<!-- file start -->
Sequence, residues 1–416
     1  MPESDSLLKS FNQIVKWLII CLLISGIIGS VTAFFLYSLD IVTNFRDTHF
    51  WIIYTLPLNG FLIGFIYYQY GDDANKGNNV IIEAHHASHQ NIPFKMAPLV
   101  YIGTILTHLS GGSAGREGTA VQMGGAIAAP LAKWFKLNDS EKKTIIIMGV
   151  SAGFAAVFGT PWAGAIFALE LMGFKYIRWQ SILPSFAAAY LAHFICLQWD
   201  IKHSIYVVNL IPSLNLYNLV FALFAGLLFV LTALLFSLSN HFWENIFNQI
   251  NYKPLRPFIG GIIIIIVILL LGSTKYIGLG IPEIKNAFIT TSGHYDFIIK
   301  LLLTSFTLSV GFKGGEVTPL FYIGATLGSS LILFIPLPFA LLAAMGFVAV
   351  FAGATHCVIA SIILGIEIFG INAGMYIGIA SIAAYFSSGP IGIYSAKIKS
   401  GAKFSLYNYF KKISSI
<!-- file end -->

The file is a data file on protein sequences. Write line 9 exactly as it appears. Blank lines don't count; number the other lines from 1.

   351  FAGATHCVIA SIILGIEIFG INAGMYIGIA SIAAYFSSGP IGIYSAKIKS